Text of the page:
A Harlem Tragedy
Mrs. Fink had dropped into Mrs. Cassidy's flat one flight below.
"Ain't it a beaut?" said Mrs. Cassidy.
She turned her face proudly for her friend Mrs. Fink to see. One eye was nearly closed, with a great, greenish-purple bruise around it. Her lip was cut and bleeding a little and there were red finger-marks on each side of her neck.
"My husband wouldn't ever think of doing that to me," said Mrs. Fink, concealing her envy.
"I wouldn't have a man," declared Mrs. Cassidy, "that didn't beat me up at least once a week. Shows he thinks something of you. Say! but that last dose Jack gave me wasn't no homeopathic one. I can see stars yet. But he'll be the sweetest man in town for the rest of the week to make up for it. This eye is good for theater tickets and a silk shirt waist at the very least."
"I should hope," said Mrs. Fink, assuming complacency, "that Mr. Fink is too much of a gentleman ever to raise his hand against me."
"Oh, go on, Maggie!" said Mrs. Cassidy, laughing and applying witch hazel, "you're only jealous. Your old man is too frappéd and slow to ever give you a punch. He just sits down and practises physical culture with a newspaper when he comes home—now ain't that the truth?"
"Mr. Fink certainly peruses of the papers when he comes home," acknowledged Mrs. Fink, with a toss of her head; "but he certainly don't ever make no Steve O'Donnell out of me just to amuse himself—that's a sure thing."
Mrs. Cassidy laughed the contented laugh of the guarded and happy matron. With the air of Cornelia exhibiting her jewels, she drew down the collar of her kimono and revealed another treasured bruise, maroon-colored, edged with olive and orange—a bruise now nearly well, but still to memory dear.
Mrs. Fink capitulated. The formal light in her eye softened to envious admiration. She and Mrs. Cassidy had been chums in the downtown paper-box factory before they had married, one year before. Now she and her man occupied the flat above Mame and her man. Therefore she could not put on airs with Mame.
"Don't it hurt when he soaks you?" asked Mrs. Fink, curiously.
"Hurt!"—Mrs. Cassidy gave a soprano scream of delight. "Well, say—did you ever have a brick house fall on you?—well, that's just the way it feels—just like when they're digging you out of the ruins. Jack's got a left that spells two matinees and a new pair of Oxfords—and his right!—well, it takes a trip to Coney and six pairs of openwork, silk lisle threads to make that good."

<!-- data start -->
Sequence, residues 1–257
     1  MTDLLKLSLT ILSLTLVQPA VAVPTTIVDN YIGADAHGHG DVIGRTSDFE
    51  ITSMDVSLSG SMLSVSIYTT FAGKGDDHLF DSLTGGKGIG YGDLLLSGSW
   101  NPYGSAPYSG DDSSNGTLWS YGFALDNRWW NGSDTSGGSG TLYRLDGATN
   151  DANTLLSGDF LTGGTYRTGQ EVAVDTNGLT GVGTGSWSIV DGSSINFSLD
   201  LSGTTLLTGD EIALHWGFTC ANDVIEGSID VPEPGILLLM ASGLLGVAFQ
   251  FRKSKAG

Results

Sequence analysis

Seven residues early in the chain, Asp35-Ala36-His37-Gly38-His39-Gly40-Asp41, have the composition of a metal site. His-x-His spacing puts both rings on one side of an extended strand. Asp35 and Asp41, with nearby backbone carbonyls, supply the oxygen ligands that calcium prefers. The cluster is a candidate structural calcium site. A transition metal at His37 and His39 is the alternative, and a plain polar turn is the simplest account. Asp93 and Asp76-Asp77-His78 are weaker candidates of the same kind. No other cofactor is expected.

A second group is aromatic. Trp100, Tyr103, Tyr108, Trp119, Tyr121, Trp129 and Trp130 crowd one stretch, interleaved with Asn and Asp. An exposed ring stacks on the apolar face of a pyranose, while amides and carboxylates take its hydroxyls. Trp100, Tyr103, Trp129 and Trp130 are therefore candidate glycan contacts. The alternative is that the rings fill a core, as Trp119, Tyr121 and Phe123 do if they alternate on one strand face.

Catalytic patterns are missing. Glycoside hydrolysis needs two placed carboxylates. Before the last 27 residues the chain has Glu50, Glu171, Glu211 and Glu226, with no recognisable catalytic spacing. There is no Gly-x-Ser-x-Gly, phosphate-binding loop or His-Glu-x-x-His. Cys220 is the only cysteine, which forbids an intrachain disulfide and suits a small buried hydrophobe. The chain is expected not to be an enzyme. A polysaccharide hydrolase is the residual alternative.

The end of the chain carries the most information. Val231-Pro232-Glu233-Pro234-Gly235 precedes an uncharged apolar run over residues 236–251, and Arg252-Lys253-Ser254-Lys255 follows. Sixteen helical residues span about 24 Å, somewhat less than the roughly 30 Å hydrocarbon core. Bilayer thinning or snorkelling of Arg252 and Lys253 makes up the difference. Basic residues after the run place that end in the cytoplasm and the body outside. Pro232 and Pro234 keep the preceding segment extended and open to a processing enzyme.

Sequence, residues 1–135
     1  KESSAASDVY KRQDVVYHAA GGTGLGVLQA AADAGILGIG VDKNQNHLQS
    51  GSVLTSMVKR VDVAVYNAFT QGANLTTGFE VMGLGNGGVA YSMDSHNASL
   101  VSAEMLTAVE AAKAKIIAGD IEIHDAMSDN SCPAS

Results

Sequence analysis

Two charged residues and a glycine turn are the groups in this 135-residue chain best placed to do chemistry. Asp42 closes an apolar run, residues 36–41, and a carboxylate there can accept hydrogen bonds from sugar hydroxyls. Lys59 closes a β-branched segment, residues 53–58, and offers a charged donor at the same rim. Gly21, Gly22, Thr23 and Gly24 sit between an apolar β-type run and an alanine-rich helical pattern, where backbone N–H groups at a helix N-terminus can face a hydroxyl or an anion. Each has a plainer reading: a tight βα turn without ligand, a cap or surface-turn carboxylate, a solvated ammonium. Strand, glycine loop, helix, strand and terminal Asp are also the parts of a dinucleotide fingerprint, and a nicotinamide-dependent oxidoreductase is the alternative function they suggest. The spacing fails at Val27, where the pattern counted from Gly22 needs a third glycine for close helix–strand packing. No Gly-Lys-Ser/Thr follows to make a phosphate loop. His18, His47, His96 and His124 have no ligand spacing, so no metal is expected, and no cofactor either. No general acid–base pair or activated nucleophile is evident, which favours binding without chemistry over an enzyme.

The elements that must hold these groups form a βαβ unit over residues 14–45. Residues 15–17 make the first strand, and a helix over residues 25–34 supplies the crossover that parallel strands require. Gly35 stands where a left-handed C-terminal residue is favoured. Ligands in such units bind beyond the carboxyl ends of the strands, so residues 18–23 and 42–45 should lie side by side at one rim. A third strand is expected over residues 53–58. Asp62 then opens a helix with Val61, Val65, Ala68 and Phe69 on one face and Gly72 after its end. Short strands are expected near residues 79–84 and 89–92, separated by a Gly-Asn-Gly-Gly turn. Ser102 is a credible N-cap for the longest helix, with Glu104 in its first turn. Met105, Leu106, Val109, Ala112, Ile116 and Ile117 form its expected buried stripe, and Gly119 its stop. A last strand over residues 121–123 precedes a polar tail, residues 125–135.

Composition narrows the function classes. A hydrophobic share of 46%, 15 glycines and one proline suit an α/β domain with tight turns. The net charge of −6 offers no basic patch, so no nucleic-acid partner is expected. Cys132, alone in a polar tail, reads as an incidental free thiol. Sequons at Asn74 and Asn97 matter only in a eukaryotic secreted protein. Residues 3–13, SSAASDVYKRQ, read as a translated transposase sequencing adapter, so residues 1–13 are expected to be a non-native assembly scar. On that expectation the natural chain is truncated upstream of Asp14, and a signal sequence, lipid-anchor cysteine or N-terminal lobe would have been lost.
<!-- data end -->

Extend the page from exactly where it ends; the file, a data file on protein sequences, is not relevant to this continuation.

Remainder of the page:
"But what does he beat you for?" inquired Mrs. Fink, with wide-open eyes.
"Silly!" said Mrs. Cassidy, indulgently. "Why, because he's full. It's generally on Saturday nights."
"But what cause do you give him?" persisted the seeker after knowledge.
"Why, didn't I marry him? Jack comes in tanked up; and I'm here, ain't I? Who else has he got a right to beat? I'd just like to catch him once beating anybody else! Sometimes it's because supper ain't ready; and sometimes it's because it is. Jack ain't particular about causes. He just lushes till he remembers he's married, and then he makes for home and does me up. Saturday nights I just move the furniture with sharp corners out of the way, so I won't cut my head when he gets his work in. He's got a left swing that jars you! Sometimes I take the count in the first round; but when I feel like having a good time during the week or want some new rags I come up again for more punishment. That's what I done last night. Jack knows I've been wanting a black silk waist for a month, and I didn't think just one black eye would bring it. Tell you what, Mag, I'll bet you the ice cream he brings it to-night."
Mrs. Fink was thinking deeply.
"My Mart," she said, "never hit me a lick in his life. It's just like you said, Mame; he comes in grouchy and ain't got a word to say. He never takes me out anywhere. He's a chair-warmer at home for fair. He buys me things, but he looks so glum about it that I never appreciate 'em."
Mrs. Cassidy slipped an arm around her chum. "You poor thing!" she said. "But everybody can't have a husband like Jack. Marriage wouldn't be no failure if they was all like him. These discontented wives you hear about—what they need is a man to come home and kick their slats in once a week, and then make it up in kisses, and chocolate creams. That'd give 'em some interest in life. What I want is a masterful man that slugs you when he's jagged and hugs you when he ain't jagged. Preserve me from the man that ain't got the sand to do neither!"
Mrs. Fink sighed.
The hallways were suddenly filled with sound. The door flew open at the kick of Mr. Cassidy. His arms were occupied with bundles. Mame flew and hung about his neck. Her sound eye sparkled with the love light that shines in the eye of the Maori maid when she recovers consciousness in the hut of the wooer who has stunned and dragged her there.
"Hello, old girl!" shouted Mr. Cassidy. He shed his bundles and lifted her off her feet in a mighty hug. "I got tickets for Barnum & Bailey's, and if you'll bust the string of one of them bundles I guess you'll find that silk waist—why, good evening, Mrs. Fink—I didn't see you at first. How's old Mart coming along?"
"He's very well, Mr. Cassidy—thanks," said Mrs. Fink. "I must be going along up now. Mart'll be home for supper soon. I'll bring you down that pattern you wanted to-morrow, Mame."
Mrs. Fink went up to her flat and had a little cry. It was a meaningless cry, the kind of cry that only a woman knows about, a cry from no particular cause, altogether an absurd cry; the most transient and the most hopeless cry in the repertory of grief. Why had Martin never thrashed her? He was as big and strong as Jack Cassidy. Did he not care for her at all? He never quarrelled; he came home and lounged about, silent, glum, idle. He was a fairly good provider, but he ignored the spices of life.